CHAOS IN THE STREETS The Muslim Brotherhood has led an outrage campaign against Egyptian security forces, Christians, and anyone supporting Morsi’s ouster. This photo, taken August 18 in the central Egyptian city of Minya, shows a burned car outside a building belonging to a Christian charity, ransacked earlier this month.
Since the demonstrations in Egypt in late June, I have been glued to Facebook. As an immigrant caught between homes, I selfishly hope for an Egypt I might be able to live in again one day, which is a flawed position to start with. The appeal of Facebook is that my friends—who come from different political views—share the news headlines and photos while annotating them with their opinions and experiences. (The news feed also comes entangled with pictures of dinner plates at Tom Douglas restaurants from my Seattle friends, together with posts about avant-garde American poetry and its factional disputes, all of which act as what can be described as postmodern flattening distraction.) Online, occasionally, I find myself playing interpreter between worldviews. When Mohamed Morsi, of the Muslim Brotherhood, was ousted by the army on July 3, many of my progressive friends, along with Egyptians who were educated in the West, were unable to see anything but a coup—which is not exactly how I saw it. After all, what about the 22 million people in the streets demanding his removal? For many Americans, it's extremely hard to imagine that democracy is anything but election booths. But those 22 million people couldn't wait for another election cycle, and isn't it democratic to honor their will? At the very least, it can't easily be dismissed as nondemocratic.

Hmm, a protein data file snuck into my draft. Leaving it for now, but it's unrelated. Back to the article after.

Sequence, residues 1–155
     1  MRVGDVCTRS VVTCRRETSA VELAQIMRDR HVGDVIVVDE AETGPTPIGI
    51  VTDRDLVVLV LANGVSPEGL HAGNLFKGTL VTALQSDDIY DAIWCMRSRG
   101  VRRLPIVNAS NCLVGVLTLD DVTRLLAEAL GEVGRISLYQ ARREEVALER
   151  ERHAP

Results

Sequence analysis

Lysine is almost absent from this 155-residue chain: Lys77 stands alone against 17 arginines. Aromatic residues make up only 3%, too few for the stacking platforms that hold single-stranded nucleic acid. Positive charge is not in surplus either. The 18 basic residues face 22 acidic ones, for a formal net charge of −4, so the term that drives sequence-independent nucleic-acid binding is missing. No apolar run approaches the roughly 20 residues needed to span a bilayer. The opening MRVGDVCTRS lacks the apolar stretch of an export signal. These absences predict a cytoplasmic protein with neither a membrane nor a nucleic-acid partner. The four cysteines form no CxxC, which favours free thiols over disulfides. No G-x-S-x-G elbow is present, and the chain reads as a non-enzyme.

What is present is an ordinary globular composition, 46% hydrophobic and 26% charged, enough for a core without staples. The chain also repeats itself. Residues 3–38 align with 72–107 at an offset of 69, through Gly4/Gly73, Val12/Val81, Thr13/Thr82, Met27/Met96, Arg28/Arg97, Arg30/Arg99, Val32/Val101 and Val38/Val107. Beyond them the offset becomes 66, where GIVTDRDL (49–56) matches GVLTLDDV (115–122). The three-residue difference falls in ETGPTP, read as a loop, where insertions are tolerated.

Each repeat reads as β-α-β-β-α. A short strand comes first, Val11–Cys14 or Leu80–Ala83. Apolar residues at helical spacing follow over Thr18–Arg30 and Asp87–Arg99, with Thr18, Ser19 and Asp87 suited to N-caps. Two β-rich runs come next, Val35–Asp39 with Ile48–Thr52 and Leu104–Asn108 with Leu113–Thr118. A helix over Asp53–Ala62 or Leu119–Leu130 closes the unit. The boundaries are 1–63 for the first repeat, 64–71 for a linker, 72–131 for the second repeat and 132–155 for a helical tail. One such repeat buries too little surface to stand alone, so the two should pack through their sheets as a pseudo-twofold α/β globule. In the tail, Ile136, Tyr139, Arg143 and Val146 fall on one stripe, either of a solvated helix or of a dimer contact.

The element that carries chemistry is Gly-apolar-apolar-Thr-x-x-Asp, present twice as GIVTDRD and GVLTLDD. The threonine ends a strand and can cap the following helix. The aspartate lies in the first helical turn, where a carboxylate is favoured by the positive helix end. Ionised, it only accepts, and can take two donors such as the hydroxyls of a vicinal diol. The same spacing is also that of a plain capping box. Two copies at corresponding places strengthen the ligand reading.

Then, on August 14, the situation took a turn for the worse: Egyptian security forces dissolved two Muslim Brotherhood sit-ins by force, killing hundreds of Morsi supporters. At that moment, I became an interpreter who's no longer sure how to interpret what I'm seeing.